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Up the Yangtze Movie review

Up the Yangtze Movie review

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Up the Yangtze
Winter 2009 | Volume 32, Number 1 | Features

Reconciliation, and the Church:

Toward a “Heavenly Unity”?

Thomas Howard

No Christian, of course, is going to take the view that the union of all Christians is not “desirable.” Since Our Lord prayed to that end, a Christian would place himself in an awkward spot if he demurred on the matter!

The sticking point, once it is agreed upon that unity is, in fact, desirable, follows instantly: “We should all gather under this umbrella,” the umbrella being Calvinism, Lutheranism, Anglicanism, Orthodoxy, Roman Catholicism, the Plymouth Brethren, the Anabaptists, the Mennonites, the Emergent Church, the independent churches, and so forth.

After centuries of conflict — even war — we all glided into an epoch of “ecumenism” as of the late l9th century. “Dialogue” became the thing. But of course dialogue can go only so far. Then the discussion runs aground on baptism, the Eucharist, church polity, eschatology, biblical interpretation, ethnicity, and, most notably, the very nature of The Church.

Given the ancient Catholic understanding of the mystery of The Church, obviously a Catholic would urge that no unity will ever be reached short of a return on the part of us all to the apostolic and patristic roots and trunk of The Church. The points he might begin with would include:

1) Authority. From the beginning, matters were referred, never to popular vote, or even to committees of theologians, but to apostolic ruling (that is to say, The Council in Jerusalem, and those that follow). St. Paul teaches us that “the church is the pillar and ground of truth.” In the free-church world, the notion of “the perspicuity of Scripture,” and a fortiori, sola Scriptura, is the touchstone; but of course this breaks down straightaway over baptism, the Eucharist, church polity, theology, and so forth. The Roman Catholic Church, alone in Christendom, has what is called The Magisterium, namely, apostolic teaching authority, which is itself, obviously, subject to Scripture

2) Visible unity. The apostles and fathers would be nonplussed if we uncorked for them the idea that “the Church” is nothing more than the aggregate of all individual believers in Jesus. Just where this outlook originated is hard to discover. Even more difficult for them would be the practice of splitting and starting new “denominations” more or less every hour on the half hour. The Catholic Church sees The Church as analogous to Israel (after all, it is “the new Israel”). Israel had wicked kings, even more wicked priests (their first High Priest made a golden calf for them), and general immorality and perversity in the laity. But a godly Hebrew could never say to himself, “This is chaos; I’m starting the whole thing over.” We find Simeon and Anna, not to mention Our Lord, faithfully there in the synagogue — the very synagogue which so bitterly opposed Jesus.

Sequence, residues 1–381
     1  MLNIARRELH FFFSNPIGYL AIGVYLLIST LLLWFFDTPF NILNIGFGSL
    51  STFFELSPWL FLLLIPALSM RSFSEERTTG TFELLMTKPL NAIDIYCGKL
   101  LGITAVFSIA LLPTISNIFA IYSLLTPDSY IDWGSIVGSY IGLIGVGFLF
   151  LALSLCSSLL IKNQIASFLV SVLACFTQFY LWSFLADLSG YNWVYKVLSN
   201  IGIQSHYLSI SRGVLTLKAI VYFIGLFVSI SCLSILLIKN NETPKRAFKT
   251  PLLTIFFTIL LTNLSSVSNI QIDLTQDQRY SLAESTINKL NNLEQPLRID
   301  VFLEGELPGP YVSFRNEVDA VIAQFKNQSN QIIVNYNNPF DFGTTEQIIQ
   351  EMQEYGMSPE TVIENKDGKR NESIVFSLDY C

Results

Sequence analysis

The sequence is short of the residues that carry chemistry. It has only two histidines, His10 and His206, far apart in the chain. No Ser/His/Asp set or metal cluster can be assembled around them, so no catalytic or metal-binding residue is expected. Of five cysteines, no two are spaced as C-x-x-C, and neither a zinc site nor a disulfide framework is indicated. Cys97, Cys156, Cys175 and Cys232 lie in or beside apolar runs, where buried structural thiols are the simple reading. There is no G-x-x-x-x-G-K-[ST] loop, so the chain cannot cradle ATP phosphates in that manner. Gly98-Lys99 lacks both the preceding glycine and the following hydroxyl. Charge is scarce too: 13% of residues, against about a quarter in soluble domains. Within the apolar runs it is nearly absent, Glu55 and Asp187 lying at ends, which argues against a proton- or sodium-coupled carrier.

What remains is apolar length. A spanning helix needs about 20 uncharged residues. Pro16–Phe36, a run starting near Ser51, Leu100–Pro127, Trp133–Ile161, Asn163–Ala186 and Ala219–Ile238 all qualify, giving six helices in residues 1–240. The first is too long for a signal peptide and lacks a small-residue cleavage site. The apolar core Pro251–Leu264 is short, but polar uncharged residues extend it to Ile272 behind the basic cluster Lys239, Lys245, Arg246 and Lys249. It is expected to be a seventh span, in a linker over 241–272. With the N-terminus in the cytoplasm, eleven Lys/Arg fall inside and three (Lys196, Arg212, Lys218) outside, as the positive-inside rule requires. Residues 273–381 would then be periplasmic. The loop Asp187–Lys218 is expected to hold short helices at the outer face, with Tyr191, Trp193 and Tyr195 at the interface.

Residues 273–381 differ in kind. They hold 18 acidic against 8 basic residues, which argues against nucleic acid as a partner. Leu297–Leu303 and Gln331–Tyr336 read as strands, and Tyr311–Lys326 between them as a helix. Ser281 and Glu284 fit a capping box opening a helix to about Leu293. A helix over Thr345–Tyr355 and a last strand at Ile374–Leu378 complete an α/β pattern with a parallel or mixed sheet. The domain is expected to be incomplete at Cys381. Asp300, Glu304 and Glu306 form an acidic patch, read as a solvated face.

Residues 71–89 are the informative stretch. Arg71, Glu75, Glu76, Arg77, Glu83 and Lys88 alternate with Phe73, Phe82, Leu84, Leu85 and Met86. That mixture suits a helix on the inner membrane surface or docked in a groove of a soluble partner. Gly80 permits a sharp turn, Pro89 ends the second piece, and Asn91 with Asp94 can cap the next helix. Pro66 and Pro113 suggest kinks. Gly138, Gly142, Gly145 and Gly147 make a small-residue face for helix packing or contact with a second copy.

3) The Sacraments. At the Reformation, the Faith became, so to speak, abstract. Disembodied. Propositional. Discursive. The Eucharist became either an embarrassment or marginal. If one reads about the first decades of The Church, one finds that the liturgy was the center. The notion of “the preaching of the Word” as the virtually exclusive point about the weekly gathering would have been inconceivable for 1,500 years.

Some such considerations as the above would form, surely, at least some of the points upon which a Catholic would begin his contribution to the question of unity in the Church.

Thomas HowardThomas Howard is a retired English professor, scholar of C.S. Lewis and Charles Williams, and acclaimed author of such books as Chance or the Dance? and On Being Catholic.

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